Sex, n (%)0.001
       Female82 (49)99 (67)
       Male87 (51)48 (33)
      Age at diagnosis, n (%)0.685
       Mean (SD)62 (10)62 (11)
      Tumor stage at diagnosis, n (%)0.147
       I6 (4)7 (5)
       II8 (5)4 (3)
       III40 (24)20 (14)
       IV112 (66)114 (78)
       Unknown3 (2)2 (1)
      Smoking history, n (%)<0.001
       Never4 (2)85 (58)
       Former133 (79)49 (33)
       Current29 (17)7 (5)
       Unknown3 (2)6 (4)
      Pack years<0.001
       Median (IQR)28 (17–40)14 (6–25)
       Unknown3010
      Histopathological diagnosis, n (%)0.002
       Adenocarcinoma114 (67)124 (84)
       Squamous cell carcinoma23 (14)10 (7)
       Other32 (19)13 (9)
      PD-L1 score, n (%)0.70
       <1%41 (24)39 (27)
       1%–50%36 (21)41 (28)
       ≥50%26 (15)22 (15)
       Unknown66 (39)45 (31)
      Prebiopsy regimen, n (%)<0.001
       Chemotherapy/immunotherapy/other103 (61)36 (24)
       TKI20 (12)91 (62)
       Untreated46 (27)20 (14)
      Lines of systemic treatment before biopsy<0.001
       Median (IQR)1 (0–2)2 (1–3)
      Note: Percentages may not add up to 100% owing to rounding.
      IQR, interquartile range; PD-L1, programmed death-ligand 1; TKI, tyrosine kinase inhibitor.

      Overview and Differences of the Genomic Landscape Between Signature-Based Clusters

      An overview of genomic characteristics has been summarized in Figure 2A-O, grouped by signature-based clustering and ordered by descending TMB. Recurrent copy number alterations and chromosomal arm aberrations (from GISTIC2 analysis) for the entire cohort, and per the signature-based cluster, can be found within Supplementary Figure 3. Comparing the samples with and without putative chromothripsis events, chromothripsis did not significantly affect driver genes, mutational signatures, or TMB within the entire cohort and within the separate clusters (adjusted p > 0.1).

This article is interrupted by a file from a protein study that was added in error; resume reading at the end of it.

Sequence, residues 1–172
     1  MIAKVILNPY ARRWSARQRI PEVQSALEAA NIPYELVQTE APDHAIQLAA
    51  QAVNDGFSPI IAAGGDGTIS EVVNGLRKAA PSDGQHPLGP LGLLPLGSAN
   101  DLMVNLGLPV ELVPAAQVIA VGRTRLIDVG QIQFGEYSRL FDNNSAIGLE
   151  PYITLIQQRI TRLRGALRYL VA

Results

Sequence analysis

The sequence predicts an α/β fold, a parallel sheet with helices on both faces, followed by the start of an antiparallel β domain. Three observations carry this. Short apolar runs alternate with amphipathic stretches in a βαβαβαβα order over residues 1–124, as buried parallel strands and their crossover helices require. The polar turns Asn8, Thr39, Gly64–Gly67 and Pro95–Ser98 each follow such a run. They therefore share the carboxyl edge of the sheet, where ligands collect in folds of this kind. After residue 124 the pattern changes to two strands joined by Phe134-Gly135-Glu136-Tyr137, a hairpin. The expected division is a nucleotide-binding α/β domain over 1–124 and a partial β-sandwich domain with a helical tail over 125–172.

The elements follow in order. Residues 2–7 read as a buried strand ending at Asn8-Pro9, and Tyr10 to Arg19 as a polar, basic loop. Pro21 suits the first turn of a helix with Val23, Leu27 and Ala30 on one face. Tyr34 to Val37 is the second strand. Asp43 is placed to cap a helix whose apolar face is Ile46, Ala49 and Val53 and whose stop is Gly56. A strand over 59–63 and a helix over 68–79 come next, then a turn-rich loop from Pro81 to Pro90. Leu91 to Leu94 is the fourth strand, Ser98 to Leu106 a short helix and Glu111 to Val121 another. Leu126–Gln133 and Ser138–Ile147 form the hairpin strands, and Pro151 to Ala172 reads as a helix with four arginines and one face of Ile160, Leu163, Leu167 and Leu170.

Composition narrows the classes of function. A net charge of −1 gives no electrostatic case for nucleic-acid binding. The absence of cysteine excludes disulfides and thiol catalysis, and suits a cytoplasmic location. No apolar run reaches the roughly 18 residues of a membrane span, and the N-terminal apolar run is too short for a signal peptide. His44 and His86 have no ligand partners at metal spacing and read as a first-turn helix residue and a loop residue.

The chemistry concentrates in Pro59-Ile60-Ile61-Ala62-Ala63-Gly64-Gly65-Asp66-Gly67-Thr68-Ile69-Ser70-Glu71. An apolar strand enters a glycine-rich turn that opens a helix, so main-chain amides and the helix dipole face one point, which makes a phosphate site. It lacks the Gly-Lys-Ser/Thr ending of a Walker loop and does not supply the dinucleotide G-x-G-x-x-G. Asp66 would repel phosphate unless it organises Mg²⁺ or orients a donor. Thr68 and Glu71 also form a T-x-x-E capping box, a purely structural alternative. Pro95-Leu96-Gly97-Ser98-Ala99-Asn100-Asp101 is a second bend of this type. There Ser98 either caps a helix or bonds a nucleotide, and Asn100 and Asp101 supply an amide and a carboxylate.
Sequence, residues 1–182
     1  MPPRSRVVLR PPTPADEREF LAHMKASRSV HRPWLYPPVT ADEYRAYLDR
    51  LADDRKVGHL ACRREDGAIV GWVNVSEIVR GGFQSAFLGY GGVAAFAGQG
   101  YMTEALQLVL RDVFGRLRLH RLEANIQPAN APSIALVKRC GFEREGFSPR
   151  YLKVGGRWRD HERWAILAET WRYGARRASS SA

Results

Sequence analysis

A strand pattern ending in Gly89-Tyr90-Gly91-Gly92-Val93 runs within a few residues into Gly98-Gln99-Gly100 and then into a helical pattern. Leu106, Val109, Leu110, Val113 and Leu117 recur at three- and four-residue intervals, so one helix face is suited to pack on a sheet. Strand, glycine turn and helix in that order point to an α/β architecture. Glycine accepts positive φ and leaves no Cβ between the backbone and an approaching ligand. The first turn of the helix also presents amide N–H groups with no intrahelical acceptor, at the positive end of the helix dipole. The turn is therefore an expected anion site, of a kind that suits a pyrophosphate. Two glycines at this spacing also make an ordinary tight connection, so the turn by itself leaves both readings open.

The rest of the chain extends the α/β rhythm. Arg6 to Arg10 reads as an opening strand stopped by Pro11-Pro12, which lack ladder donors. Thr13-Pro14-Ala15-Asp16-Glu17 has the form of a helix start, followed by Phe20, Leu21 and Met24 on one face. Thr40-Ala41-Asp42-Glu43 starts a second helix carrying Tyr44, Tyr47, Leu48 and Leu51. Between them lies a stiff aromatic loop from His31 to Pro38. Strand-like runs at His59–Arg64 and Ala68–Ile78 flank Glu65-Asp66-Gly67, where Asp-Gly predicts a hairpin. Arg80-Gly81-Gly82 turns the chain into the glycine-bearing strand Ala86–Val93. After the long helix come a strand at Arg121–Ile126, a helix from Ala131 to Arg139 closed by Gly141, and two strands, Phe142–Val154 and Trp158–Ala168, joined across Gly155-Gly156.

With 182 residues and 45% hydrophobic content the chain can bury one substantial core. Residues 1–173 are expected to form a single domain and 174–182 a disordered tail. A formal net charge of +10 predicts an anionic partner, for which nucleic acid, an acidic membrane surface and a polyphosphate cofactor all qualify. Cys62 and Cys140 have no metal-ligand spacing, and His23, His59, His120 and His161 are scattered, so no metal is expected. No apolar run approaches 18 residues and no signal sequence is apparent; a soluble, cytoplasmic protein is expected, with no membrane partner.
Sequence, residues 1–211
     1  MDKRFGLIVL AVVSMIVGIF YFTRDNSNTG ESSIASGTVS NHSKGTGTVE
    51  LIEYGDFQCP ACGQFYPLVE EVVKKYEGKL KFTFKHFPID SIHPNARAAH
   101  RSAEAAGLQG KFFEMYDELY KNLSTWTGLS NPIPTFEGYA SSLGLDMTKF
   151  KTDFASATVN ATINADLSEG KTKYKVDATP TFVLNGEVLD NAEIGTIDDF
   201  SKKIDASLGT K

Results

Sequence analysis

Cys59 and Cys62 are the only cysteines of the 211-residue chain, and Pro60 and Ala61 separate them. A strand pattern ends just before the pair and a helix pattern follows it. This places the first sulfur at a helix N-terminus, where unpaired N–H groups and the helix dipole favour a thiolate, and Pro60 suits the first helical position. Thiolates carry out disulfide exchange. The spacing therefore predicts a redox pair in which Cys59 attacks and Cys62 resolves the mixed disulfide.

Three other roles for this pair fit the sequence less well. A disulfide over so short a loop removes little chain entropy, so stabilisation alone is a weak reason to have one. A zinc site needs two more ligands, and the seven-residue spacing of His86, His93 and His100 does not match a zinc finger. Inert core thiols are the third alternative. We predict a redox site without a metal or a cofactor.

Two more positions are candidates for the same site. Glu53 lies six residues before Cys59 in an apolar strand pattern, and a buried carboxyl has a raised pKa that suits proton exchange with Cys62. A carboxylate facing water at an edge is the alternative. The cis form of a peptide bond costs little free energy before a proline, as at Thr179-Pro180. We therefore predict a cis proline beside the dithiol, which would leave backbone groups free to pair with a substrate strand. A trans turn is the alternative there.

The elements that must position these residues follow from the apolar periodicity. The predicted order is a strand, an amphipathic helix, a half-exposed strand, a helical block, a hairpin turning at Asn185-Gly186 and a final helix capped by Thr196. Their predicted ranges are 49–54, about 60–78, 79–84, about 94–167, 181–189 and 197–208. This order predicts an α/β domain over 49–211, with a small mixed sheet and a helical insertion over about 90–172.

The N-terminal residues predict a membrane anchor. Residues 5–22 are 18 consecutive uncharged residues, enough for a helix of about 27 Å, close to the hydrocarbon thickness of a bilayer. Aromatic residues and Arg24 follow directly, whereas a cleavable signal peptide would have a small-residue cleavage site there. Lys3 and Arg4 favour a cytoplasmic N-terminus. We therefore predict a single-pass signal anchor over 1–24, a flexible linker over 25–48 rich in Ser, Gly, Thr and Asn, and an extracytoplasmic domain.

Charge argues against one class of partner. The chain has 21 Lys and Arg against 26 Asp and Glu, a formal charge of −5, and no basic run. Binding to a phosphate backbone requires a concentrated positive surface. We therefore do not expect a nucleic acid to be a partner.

Figure thumbnail gr2
      Figure 2Overview of the genomic landscape. For each sample (column), we display common genomic characteristics. (A) Signature-based cluster designation. (B) Genome-wide TMB. (C) Total number of structural variants. (D) Relative frequency per structural variant category; translocations, deletions, tandem duplications, insertions, inversions, and single breakpoints. (E) Mean genome-wide ploidy. (F) Relative contribution of de novo SBS mutational signatures. (G) Same as in panel F, but for DBS signatures. (H) Same as in panel F, but for ID signatures. (I) Histopathological diagnosis. (J) Reported clinical smoking history. (K) MSI status. (L) HRD status as determined by CHORD. (M) Presence of chromothripsis. (N) Presence of known driver alteration(s). (O) Previous systemic therapy before biopsy. DBS, doublet base substitution; HRD, homologous recombination deficient; ID, indel-based; MSI, microsatellite instability; SBS, single-base signature; TMB, tumor mutational burden.
      When comparing the signature-based clusters, we observed significant differences in genomic characteristics regarding TMB and mutational signatures (Fig. 3A and C). No major differences between genome-wide ploidy and chromosomal arms copy number alterations could be observed (Fig. 3B and Supplementary Fig. 3B and C). Compared with the smoking low cluster, median TMB was almost a fivefold higher within the smoking high cluster (4 versus 19 mutations per megabase, p < 0.001) (Fig. 3A and Supplementary Table 1). In addition, TMB was strongly correlated to absolute SBS4 contribution (Spearman’s rho: 0.87, p < 0.001). Nevertheless, 26 (15%) of the samples in the smoking high cluster had a low TMB (<5). In addition, 12 samples (8%) within the smoking low cluster had a high TMB (≥10), yet they generally harbored mutational signatures related to MMRd and APOBEC activity rather than those related to smoking; three of these samples indeed were classified as microsatellite instable (MSI) tumors.
      Figure thumbnail gr3